This website contains information for patients and the public relating to the SWAN Study

 

Abdominal aortic aneurysms (AAAs) are bulges in the main blood vessel in the abdomen. An AAA that gets too large can burst (rupture), an event that is usually fatal. Although AAAs do not usually cause any symptoms and are unlikely to cause problems until they burst, they can be easily diagnosed by simple ultrasound screening. In the UK, men aged 65 years are offered ultrasound to look for an AAA, and just over 1 in 100 men who are screened are found to have an AAA. If the AAA is large, men are offered an operation to prevent the aneurysm bursting; if it is small, they are offered regular scans to monitor their AAA.


Women are not currently screened for AAAs, mainly because they are less likely than men to have AAAs. Currently, there is no information on whether or not screening women for AAAs would save lives by preventing AAA rupture, or if such a screening programe would be cost-effective for the NHS. In this research, we have gathered together a wide range of available information about AAAs in women to find out if screening women for AAAs might be effective. We have developed a computer program to analyse all of this information and simulate what would happen if women were screened for AAAs.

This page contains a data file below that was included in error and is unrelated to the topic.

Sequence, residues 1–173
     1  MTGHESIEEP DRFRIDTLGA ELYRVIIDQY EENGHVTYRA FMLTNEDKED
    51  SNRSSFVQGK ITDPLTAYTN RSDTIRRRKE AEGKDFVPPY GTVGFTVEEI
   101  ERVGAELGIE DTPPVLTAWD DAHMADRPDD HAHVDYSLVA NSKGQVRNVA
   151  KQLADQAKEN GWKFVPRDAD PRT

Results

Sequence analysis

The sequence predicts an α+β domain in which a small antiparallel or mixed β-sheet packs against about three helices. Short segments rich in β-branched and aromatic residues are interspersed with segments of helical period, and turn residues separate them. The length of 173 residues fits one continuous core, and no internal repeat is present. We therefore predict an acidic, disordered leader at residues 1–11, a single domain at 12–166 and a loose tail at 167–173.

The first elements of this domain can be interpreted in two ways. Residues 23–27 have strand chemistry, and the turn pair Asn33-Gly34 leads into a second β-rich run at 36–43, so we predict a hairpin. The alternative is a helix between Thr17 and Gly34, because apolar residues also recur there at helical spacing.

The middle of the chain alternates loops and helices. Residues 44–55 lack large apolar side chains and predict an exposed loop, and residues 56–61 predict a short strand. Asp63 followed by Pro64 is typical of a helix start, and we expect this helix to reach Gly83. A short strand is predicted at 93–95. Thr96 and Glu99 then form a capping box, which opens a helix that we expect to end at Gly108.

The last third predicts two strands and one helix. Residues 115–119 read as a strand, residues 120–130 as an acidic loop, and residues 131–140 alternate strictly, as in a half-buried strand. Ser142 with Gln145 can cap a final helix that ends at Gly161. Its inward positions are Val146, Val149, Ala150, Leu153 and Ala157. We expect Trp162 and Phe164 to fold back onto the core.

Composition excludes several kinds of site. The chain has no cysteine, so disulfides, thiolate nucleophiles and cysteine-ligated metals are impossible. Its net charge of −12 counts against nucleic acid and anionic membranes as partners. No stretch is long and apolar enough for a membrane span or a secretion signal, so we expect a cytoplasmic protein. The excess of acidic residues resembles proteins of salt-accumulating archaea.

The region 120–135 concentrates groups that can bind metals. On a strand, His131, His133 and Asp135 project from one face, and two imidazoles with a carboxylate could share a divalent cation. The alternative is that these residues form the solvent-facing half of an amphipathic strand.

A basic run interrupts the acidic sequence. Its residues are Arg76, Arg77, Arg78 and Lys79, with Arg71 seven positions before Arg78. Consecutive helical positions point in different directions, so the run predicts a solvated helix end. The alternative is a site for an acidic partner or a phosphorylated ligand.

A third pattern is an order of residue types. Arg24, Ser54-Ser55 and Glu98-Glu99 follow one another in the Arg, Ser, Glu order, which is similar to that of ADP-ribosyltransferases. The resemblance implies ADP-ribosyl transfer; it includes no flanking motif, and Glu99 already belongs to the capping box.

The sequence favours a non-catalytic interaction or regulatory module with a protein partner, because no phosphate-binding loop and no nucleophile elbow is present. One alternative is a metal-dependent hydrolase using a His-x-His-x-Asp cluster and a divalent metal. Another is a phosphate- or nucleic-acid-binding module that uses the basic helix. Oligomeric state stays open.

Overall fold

Our research showed that offering women the same screening as men would have a very minor effect on the overall life expectancy of women, resulting in an average of just over 1 extra day of life for each woman invited to screening. Although there is considerable uncertainty, we estimate that around 3900 women would need to be invited to screening to prevent one death from AAAs, and that each death prevented by screening women for AAAs would cost the NHS £150,000.


Based on our findings, a national AAA screening programme for women would not be cost-effective for the NHS.


Feel free to provide us with feedback or send your questions - you may want to listen to the audio files below for more information

The video below describes the SWAN study and relevant findings (published July 2018)


You may find the full report of the study's findings on the NIHR website by clicking this link.

Click below to hear about aneurysm screening and women, how this is relevant to you and your health and find out more about the study from Professor Matt Bown, Vascular Surgeon: 

You can also follow us on Twitter - Professor Bown: @Matt_J_Bown & Mr Saratzis: @a_saratzis